July 27, 2009 by raymond
Over the last two weeks I’ve spent over 24 hours driving to various client meetings for one of our startups. Yes, the ratio of driving time to meeting time (6:1) is pretty high, but these were crucial meetings that were significant milestones for the startup. During these long drives I had a lot of time to think about the crazy things we investors do to help our startups.
At the same time, behind closed doors I hear a lot of entrepreneurs quietly complaining about how little hands-on help or “value add” their investors bring after closing a deal. So I thought I would put out a challenge to Angels and VCs: What Have You Done For Your Startups Lately?
If you’re wondering what more you can do, here are some suggestions:
- Work your Rolodex – Remember all those times you bragged about your fabulous network? Besides the week after closing, when is the last time you systematically went through your contacts and opened those doors?
- Make sales calls – Don’t just shoot off intro emails. Pick up the phone and call in favors. In the early days most sales will be through personal persuasion/coercion.
- Have a good elevator pitch – I’ve met a lot of investors who can’t give a convincing elevator pitch for their startups. Your elevator pitch should be as good as the CEO’s.
- Know the details – Knowing the size of the market is great for evaluating a business plan, but do you know the crucial details of the business? What specific segments are they targeting? Who are their customers or prospects? What are the features and technology. What’s the price? Knowing the details makes you a knowledgeable ambassador for your startup rather than someone who can just put someone in touch with the CEO.
- Give feedback – Investors have a habit of dropping out of sight then giving harsh feedback at board meetings. I always tell entrepreneurs to manage upwards, i.e. manage your Board. But the same applies for investors. Be a hands-on mentor to your entrepreneurs. And don’t forget that praise is feedback too.
- Get your hands dirty – Besides providing sagely advice from the “high level” think about giving day to day help once in awhile. You can be sure your startup needs it. If you’re financially minded (which you are because you’re an investor right?) get into Excel and help the CEO develop projections and budgets. Sit in on practice pitches and help build their next sales deck. Look over their legal documents and fire up your MacBook to test the latest deployment on Safari. Getting tactical means saving the management team precious time.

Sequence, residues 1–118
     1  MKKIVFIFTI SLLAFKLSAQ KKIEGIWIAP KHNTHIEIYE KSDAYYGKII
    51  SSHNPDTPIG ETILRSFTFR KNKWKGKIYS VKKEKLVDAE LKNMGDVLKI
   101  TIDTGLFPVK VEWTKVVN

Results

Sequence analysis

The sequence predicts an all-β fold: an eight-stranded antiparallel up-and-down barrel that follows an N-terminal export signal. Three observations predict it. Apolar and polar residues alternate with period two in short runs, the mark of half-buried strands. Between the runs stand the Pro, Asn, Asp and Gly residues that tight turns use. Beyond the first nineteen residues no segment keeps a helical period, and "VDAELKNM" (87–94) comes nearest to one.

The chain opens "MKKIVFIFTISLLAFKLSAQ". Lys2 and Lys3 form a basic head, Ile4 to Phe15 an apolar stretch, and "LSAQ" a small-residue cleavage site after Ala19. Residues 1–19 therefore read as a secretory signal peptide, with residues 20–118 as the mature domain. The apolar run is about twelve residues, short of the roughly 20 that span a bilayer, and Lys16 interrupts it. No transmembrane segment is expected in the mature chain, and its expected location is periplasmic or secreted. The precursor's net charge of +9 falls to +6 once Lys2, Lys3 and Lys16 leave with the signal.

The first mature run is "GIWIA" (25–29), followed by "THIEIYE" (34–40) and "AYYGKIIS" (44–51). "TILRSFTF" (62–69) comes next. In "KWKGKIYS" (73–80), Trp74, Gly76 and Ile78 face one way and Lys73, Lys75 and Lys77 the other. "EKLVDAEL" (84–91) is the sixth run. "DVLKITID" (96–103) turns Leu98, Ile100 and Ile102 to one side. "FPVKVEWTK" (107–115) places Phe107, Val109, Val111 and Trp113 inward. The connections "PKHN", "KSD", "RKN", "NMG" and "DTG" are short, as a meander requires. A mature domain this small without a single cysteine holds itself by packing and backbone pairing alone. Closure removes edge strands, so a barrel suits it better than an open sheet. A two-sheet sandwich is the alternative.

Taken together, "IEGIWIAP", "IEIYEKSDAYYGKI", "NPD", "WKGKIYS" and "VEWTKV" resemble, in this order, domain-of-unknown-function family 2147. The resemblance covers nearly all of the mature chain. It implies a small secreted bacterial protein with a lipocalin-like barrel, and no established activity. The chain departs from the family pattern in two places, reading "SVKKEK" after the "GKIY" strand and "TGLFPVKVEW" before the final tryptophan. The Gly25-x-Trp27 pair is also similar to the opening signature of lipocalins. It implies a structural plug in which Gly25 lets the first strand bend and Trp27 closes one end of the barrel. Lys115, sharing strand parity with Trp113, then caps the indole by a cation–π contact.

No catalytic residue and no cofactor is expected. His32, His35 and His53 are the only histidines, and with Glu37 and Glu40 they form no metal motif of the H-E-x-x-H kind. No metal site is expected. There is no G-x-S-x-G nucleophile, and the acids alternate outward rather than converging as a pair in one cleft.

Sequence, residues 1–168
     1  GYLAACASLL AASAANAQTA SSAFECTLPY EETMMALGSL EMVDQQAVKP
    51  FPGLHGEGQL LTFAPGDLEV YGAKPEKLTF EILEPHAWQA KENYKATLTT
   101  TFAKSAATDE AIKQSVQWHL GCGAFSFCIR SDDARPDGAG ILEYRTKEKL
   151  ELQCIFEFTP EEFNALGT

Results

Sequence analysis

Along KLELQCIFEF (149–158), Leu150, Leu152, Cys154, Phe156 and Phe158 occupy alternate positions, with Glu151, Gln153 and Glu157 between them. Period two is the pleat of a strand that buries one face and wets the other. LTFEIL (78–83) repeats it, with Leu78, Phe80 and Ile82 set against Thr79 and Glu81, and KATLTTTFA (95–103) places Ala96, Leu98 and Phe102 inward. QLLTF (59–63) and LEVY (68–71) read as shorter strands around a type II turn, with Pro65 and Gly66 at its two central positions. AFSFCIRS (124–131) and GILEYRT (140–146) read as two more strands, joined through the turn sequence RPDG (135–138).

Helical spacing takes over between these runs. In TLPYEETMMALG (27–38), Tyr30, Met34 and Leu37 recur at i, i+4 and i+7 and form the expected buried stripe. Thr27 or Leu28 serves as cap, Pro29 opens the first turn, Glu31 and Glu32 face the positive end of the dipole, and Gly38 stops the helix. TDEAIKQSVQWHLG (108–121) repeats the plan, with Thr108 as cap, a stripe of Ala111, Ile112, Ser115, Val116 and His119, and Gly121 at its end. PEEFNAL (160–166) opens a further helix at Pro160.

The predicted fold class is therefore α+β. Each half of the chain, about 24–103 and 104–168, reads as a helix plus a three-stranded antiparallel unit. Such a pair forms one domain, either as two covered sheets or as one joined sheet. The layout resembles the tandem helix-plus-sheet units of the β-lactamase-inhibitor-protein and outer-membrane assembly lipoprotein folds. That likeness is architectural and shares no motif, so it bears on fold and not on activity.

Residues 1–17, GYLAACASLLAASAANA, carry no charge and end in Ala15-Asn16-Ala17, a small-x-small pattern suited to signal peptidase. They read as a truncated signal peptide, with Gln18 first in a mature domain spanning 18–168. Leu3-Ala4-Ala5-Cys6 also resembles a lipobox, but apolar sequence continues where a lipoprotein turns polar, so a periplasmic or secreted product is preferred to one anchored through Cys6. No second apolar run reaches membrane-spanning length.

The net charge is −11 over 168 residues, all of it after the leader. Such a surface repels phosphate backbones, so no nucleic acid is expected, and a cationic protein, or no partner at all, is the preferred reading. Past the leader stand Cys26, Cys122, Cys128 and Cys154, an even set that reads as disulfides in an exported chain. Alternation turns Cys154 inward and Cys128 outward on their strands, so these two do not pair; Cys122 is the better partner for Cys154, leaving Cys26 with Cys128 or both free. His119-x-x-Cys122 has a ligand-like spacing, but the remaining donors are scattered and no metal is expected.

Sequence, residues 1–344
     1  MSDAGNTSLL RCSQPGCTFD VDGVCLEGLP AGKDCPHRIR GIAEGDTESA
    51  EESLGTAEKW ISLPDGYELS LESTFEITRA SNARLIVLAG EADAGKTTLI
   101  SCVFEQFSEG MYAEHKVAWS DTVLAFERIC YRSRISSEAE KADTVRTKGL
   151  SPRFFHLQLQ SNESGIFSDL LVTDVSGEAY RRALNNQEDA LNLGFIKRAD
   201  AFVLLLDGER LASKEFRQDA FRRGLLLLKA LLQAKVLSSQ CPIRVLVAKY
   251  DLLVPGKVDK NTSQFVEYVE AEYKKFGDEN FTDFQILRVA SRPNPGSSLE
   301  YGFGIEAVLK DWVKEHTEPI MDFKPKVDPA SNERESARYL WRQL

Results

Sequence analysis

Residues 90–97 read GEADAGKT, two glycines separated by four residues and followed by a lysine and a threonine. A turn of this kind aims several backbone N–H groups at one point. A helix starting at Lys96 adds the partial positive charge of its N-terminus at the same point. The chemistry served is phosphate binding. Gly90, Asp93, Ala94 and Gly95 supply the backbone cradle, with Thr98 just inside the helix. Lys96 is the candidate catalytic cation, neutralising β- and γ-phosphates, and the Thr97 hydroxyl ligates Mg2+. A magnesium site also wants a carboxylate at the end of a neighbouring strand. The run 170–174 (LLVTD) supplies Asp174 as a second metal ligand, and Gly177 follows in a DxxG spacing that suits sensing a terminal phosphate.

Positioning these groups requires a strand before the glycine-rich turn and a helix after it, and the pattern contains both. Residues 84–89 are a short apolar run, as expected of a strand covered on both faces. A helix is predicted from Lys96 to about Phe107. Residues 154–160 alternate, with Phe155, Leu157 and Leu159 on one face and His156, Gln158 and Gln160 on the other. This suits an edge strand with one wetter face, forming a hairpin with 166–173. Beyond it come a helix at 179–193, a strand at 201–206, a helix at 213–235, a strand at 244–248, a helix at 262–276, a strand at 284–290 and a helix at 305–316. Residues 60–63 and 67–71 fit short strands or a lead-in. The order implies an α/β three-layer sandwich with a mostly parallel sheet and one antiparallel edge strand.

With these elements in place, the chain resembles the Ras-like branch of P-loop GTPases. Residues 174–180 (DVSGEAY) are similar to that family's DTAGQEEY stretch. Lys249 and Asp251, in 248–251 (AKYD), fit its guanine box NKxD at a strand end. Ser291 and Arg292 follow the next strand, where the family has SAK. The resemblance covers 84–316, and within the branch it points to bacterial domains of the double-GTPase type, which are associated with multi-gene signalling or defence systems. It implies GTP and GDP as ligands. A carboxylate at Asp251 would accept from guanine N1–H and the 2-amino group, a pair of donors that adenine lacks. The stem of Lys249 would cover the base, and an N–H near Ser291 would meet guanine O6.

At Flow we take hands-on to the extreme because that’s our model. Not many investors are writing code, closing sales, executing marketing plans and recruiting employees. But no matter what your model is you can be sure that your startup needs you.
July 20, 2009 by raymond
The Flow Ventures blog has been up and running for over six months and during that time it’s naturally gravitated towards topics for early-stage startups. Partly because that’s our focus at Flow and partly because people still overlook all the difficult work that happens right at the start of a startup. Things like idea screening, brainstorming, finding strategy, and finding competitors are all things entrepreneurs should be doing for themselves, not just when requested by outsiders.
I often tell people that the very first step in a startup is relatively risk free. You haven’t committed your time and money yet and you haven’t made promises to others that obligate you to a certain path. You have time to noodle around finding great ideas and discarding bad ones. This is the time to spend at whiteboards, in cafes debating your ideas, and doing research on the Web and in the real world. This is the time to assume your idea stinks and try to convince yourself that it doesn’t (not the other way around).
We’re going to keep focusing on the early stages of startups but here are 10 blog posts we’ve written so far that provide some practical ways to think about idea and business creation:
Writing this list makes it obvious that there are lots of gaps in our coverage. Hopefully, we’ll fill in some of those gaps over the rest of the year.
March 15, 2009 by raymond
The more pitches I hear from startups the more I realize that entrepreneurs have a hard time figuring out if their startup is a painkiller or a vitamin. I mentioned this briefly in a previous idea screening post but I’d like to propose a method to help.